January Op-Ed for Bridge River Lillooet News
A friend had a frightening encounter last summer while walking with her dog on the road near the Old Bridge. Two men in a white BMW SUV drove up alongside and kept pace with her steps. The driver acted friendly and told her she was beautiful. The other guy stared straight ahead and didn’t speak; he looked at her only once and it was with hatred in his eyes. She recalled afterward that she thought to herself, What’s his problem?
The driver asked if she had a boyfriend. He asked if she’d get in the vehicle and help with directions. She knew she was in trouble. Steep terrain on both sides, no safe escape. Luckily, a pick-up truck came along and she stepped into the road, forcing it to stop. Then the white SUV took off.
Both men were black-skinned, clean cut, well-built, and wore Polo shirts. Both had close-cropped hair, had no facial hair, and their faces were round. She said she held back from reporting because she’d have to describe the men as black-skinned—she didn’t want to appear racist.
Then someone told her that in 2015 Crime Stoppers published a notice about two black men who tried, unsuccessfully, to pull a young woman into their vehicle (also a white SUV) when she was walking near Capilano Road in North Vancouver. Then my friend contacted Lillooet’s RCMP.
Two months ago in Fort McMurray, the news reported that two black men tried to abduct a woman out walking at night. The woman fought them off. Their vehicle was described as light-coloured and high-end.
My friend received no follow-up from the Lillooet RCMP. When she heard about Fort Mac she contacted the RCMP there, left details about her encounter, and was told an officer would get back to her. Again, no follow up.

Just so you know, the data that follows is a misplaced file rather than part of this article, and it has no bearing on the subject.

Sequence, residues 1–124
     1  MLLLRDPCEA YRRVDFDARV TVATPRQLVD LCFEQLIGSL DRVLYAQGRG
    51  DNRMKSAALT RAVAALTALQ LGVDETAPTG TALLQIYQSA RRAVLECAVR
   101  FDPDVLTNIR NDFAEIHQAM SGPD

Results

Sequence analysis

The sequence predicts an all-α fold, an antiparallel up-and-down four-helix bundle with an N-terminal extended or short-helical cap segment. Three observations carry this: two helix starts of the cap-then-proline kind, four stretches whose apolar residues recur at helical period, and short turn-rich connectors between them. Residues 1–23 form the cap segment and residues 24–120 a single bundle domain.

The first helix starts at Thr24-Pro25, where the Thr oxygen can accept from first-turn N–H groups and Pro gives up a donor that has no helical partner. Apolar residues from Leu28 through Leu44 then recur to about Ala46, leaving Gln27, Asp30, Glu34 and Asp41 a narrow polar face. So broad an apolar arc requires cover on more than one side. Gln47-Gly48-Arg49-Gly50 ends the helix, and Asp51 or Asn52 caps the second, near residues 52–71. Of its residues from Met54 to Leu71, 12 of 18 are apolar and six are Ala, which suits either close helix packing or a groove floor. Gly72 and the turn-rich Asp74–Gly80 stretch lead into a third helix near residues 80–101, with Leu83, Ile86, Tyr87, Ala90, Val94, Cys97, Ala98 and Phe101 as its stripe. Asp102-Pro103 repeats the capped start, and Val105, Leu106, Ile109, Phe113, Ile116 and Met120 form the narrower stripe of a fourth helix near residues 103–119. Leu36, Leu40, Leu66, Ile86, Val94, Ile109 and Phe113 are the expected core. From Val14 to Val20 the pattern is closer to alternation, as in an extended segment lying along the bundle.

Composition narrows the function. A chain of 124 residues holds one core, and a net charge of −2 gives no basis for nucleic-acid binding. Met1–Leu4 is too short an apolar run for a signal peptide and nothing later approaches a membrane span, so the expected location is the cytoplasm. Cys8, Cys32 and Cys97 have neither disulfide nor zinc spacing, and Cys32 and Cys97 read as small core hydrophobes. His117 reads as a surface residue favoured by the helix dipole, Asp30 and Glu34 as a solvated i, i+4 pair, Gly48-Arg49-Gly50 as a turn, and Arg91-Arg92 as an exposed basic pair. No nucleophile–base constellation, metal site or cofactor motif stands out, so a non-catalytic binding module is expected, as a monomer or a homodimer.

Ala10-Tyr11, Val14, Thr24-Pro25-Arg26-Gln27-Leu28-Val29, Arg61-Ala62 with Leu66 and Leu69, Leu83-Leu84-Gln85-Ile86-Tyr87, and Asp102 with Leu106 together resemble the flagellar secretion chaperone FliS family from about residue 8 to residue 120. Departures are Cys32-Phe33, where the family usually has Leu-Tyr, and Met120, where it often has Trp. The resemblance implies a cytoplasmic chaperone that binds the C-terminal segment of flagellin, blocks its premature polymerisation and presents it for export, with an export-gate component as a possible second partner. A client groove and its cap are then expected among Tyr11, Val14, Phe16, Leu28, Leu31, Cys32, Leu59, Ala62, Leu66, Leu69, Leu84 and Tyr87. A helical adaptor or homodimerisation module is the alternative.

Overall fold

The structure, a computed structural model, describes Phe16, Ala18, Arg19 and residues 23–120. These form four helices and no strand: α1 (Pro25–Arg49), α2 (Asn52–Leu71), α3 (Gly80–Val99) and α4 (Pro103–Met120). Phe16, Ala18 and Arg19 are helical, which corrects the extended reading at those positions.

My point is not to criticize but rather point out that predators are exploiting several things: a geography which allows them to troll widely for victims and quickly disappear on highway networks; a chronic deficit of policing resources; and unsuspecting people who trust too much or feel compelled to be polite to strangers.
According to Global Research, right now the slave trade operates in 163 countries—including Canada—and brings in at least $38 billion annually. Only guns and drugs are more lucrative. The slave trade is well developed, with supply lines and established smuggling routes across international borders.
Whether it’s men working in pairs, or snatchers cruising our neighbourhoods looking for children, it’s open season on men, women and children. We don’t like to think about this because too much fear isn’t healthy—but too little caution can be worse. We need to wise up and become more aware and more proactive.
Utilizing social media, such as a Facebook page, could be a good way for people to post details of frightening encounters, alert others, compare notes, and educate. Maybe such a site would also assist police agencies in building profiles and making connections between attacks.